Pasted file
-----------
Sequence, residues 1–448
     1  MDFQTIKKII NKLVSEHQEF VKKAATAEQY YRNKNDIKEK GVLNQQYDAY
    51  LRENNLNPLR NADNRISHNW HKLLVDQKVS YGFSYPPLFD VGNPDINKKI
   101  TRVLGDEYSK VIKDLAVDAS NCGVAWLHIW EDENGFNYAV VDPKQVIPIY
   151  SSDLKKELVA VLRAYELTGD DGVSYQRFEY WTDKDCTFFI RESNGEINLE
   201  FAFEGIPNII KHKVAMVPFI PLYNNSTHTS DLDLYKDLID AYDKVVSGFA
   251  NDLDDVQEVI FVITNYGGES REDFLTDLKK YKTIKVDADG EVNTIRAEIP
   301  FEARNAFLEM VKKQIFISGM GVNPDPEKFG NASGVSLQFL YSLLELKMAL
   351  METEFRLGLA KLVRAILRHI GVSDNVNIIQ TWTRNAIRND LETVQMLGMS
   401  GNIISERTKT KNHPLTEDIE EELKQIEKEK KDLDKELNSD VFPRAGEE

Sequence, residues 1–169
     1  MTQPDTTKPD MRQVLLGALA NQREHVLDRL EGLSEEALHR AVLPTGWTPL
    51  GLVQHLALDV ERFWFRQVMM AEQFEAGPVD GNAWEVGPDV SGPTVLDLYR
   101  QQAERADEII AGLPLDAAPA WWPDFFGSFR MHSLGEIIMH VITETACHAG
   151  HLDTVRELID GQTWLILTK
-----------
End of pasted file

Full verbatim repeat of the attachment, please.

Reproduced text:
Sequence, residues 1–448
     1  MDFQTIKKII NKLVSEHQEF VKKAATAEQY YRNKNDIKEK GVLNQQYDAY
    51  LRENNLNPLR NADNRISHNW HKLLVDQKVS YGFSYPPLFD VGNPDINKKI
   101  TRVLGDEYSK VIKDLAVDAS NCGVAWLHIW EDENGFNYAV VDPKQVIPIY
   151  SSDLKKELVA VLRAYELTGD DGVSYQRFEY WTDKDCTFFI RESNGEINLE
   201  FAFEGIPNII KHKVAMVPFI PLYNNSTHTS DLDLYKDLID AYDKVVSGFA
   251  NDLDDVQEVI FVITNYGGES REDFLTDLKK YKTIKVDADG EVNTIRAEIP
   301  FEARNAFLEM VKKQIFISGM GVNPDPEKFG NASGVSLQFL YSLLELKMAL
   351  METEFRLGLA KLVRAILRHI GVSDNVNIIQ TWTRNAIRND LETVQMLGMS
   401  GNIISERTKT KNHPLTEDIE EELKQIEKEK KDLDKELNSD VFPRAGEE

Sequence, residues 1–169
     1  MTQPDTTKPD MRQVLLGALA NQREHVLDRL EGLSEEALHR AVLPTGWTPL
    51  GLVQHLALDV ERFWFRQVMM AEQFEAGPVD GNAWEVGPDV SGPTVLDLYR
   101  QQAERADEII AGLPLDAAPA WWPDFFGSFR MHSLGEIIMH VITETACHAG
   151  HLDTVRELID GQTWLILTK